Life during COVID-19: Help and support
Families in Australia Survey report
This report is drawn from the Life during COVID-19 survey, which ran during the first wave of the pandemic in Australia.
During the pandemic, many people needed more help than they did before. In this report, we look at how we helped, and were helped by, our relatives, friends and neighbours, and by community groups and professionals. We explore who got the help they needed, and who didn't.
During lockdown, relatives were our leading source (from people outside of our household) of financial support and help with things such as shopping and domestic work.
Friends were a leading source of emotional support, and community organisations were key providers of personal care and mobility.
People living in cities were more likely to receive emotional support than people living in regional and remote areas. But people living in remote areas were more likely to receive physical help than people in cities and regional centres.
People aged 50-69 years were the most likely to give help and the least likely to receive it.
People in remote areas and people aged 18-29 were less able to access professional help than other groups, despite needing it more.
I volunteer at a local Salvation Army Corps and a Legacy Club. I am a people person, I care for others but have not been allowed to do so in person… Social isolation has stopped many of the vulnerable from reaching out and has prevented those who care from knowing their needs.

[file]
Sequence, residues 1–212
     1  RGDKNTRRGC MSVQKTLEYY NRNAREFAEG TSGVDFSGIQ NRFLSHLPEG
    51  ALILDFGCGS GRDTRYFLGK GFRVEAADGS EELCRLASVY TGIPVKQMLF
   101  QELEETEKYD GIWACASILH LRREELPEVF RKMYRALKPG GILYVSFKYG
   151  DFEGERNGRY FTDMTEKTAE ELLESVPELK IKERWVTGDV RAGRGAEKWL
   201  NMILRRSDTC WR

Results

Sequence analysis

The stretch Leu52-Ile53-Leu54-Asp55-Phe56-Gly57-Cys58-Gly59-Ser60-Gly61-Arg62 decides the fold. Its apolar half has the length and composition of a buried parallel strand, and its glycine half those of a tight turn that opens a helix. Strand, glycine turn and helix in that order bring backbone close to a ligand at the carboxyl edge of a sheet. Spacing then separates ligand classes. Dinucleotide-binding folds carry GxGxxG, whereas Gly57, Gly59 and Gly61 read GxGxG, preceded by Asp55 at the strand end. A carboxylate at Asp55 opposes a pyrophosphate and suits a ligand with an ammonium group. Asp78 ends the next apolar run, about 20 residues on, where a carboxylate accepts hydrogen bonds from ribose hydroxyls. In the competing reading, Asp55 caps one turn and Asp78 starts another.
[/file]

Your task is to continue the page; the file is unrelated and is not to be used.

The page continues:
Male, 70, lives in a regional area, household with children
How COVID-19 changed the way we help
More than one in three people (37%) said that prior to the COVID-19 pandemic they regularly helped people outside their household. When the pandemic struck, nearly one in five helpers (19%) said they had to stop giving help, and half (50%) had to change the way they provided help.
The pandemic impacted people's ability to help, and caused many people who needed help to struggle to get it.
Being a friend means being there to help, hug, in times of need. This has not been possible during the isolation.
Female, 58, lives in a major city, single-adult household
My level of contact has changed in terms of more 'support' for others, especially elderly parents. Before COVID it was much more about social catch up and fun...now it's about making sure they're safe, have what they need, aren't too worried, correcting false assumptions found on social media etc.
Female, 59, lives in a major city, household with children
Who did the helping and how did they help?
Three in four people (74%) said they had provided some kind of help to someone outside their household in the past month, including emotional and financial support.
|Type of help||%|
|Shopping or provision of food or supplies||36|
|Transport or errands||20|
|Performing domestic work, home maintenance or gardening||11|
|Personal care or mobility support||6|
Note: n = 6,729